Trump trial and the ‘January exception’
Sir: Watching constitutional scholars debating former President Donald Trump Senate impeachment trial on February 9 was way more overwhelmingly breathtaking, both intellectually and emotionally, than the House of Representatives’ turn-taken proposition or opposition on January 13.
In the first-half of the debate, the Democrats did prove to be ‘home’ as they dissected the constitutional anatomy, citing profound erudite scholars, as well as the Capitol riot’s footage, linguistically, ideologically, and empirically revealing instances to back-up their argument against Trump’s “inciting insurrection” on January 6th, and should therefore stand trial, and be impeached, again.
The ‘January exception,’ notably because new presidents are sworn-in to office on January 20, seems to be a Republican way of saying the President should be ‘pardoned,’ even with his ‘few-days-in-office’ alleged inciting of insurrection on the Capitol. This might have supported their view, again, that since the President is no longer in office, now a private citizen, it could be constitutionally puerile and infantile spending stupendous time on the case. And the constitutionality of his trial, hence ‘removal’ and/or ‘disqualification,’ may well be tainted along idiosyncratic “Right-side,” “Left-wing” lines.
Well, the Democrats, on the other hand, did suggest how slippery slope the argument of the Republicans could be in terms of this ‘January exception.’ And Trump still does have a few supporters, every which way, as 44 Republicans voted against his impeachment trial. Definitely, 50 Democrats, together with six Republicans who defected the Trump camp, have been given some headlong and headway in the coming trial, now that 2/3 is needed to convict Trump. Actually, 17 (meaning 11 more Republicans are needed, and if the six do not change their minds and mindsets on that day) Republicans are required for convicting Trump of inciting insurrection. That could be a difficult thing, since the other Republicans technically are the strongholds of the party.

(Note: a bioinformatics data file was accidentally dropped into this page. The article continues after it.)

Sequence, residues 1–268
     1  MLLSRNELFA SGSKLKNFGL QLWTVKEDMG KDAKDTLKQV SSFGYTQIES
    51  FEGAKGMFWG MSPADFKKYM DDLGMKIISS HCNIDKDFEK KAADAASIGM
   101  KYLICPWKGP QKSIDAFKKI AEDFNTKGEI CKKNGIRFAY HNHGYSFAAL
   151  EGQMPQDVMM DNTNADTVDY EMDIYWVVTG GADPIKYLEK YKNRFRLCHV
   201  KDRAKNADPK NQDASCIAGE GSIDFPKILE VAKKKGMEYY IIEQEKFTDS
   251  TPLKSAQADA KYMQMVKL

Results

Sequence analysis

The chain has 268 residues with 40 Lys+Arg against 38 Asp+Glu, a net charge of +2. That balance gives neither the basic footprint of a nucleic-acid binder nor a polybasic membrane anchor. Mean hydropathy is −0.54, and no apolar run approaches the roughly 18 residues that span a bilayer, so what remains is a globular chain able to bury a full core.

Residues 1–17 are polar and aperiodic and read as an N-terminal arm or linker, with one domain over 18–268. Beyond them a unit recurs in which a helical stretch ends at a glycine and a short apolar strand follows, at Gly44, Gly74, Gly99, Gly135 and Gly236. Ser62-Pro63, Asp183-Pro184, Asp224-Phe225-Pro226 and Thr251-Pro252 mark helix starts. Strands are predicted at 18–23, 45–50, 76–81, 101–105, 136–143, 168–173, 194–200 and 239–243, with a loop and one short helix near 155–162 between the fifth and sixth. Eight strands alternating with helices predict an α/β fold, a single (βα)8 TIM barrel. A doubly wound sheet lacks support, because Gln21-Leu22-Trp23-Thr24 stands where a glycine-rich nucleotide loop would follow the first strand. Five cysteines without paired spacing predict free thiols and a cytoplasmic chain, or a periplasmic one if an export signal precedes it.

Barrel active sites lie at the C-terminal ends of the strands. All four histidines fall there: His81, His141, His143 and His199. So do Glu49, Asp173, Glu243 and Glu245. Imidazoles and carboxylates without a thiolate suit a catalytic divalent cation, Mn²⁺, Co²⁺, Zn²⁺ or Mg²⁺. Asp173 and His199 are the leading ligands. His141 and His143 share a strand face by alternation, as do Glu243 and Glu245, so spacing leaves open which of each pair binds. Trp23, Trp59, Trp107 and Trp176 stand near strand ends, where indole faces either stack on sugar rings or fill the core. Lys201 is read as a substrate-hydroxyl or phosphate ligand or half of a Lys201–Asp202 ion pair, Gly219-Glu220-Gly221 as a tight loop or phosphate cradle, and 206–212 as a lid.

Crucially, the Wednesday 6, 13, and 20 incidents did shake the foundations of America, and are extraordinary ‘January exception’ days not to be forgotten. Of the three, of course, the January 6 Capitol Hill attack of pro-Trump supporters, which is a reflection of the fragility, delicacy, and frailty of democracy, is arguably most important. Eventually, the siege and invasion uncompromisingly necessitated the House of Representatives, a week after, January 13, to decisively debate the impeachment of President Trump, with no fewer than 10 Republicans sidelining the Democrats, deflecting the ‘Trump Party,’ literally. And even more important, a week later, January 20, President Trump, ‘feeling’ to Joint Base Andrews in the early hours of the day, would not attend Joe Biden’s swearing-in Inauguration Day, since 1869.
Trump’s trial calls for a balance of thoughts and feelings, both from Democrats and Republicans. That’s when contraries can progressively work together to bring, peace, equality, harmony and unity in America. Segun Ige, a freelance journalist, wrote from Lagos. email@example.com
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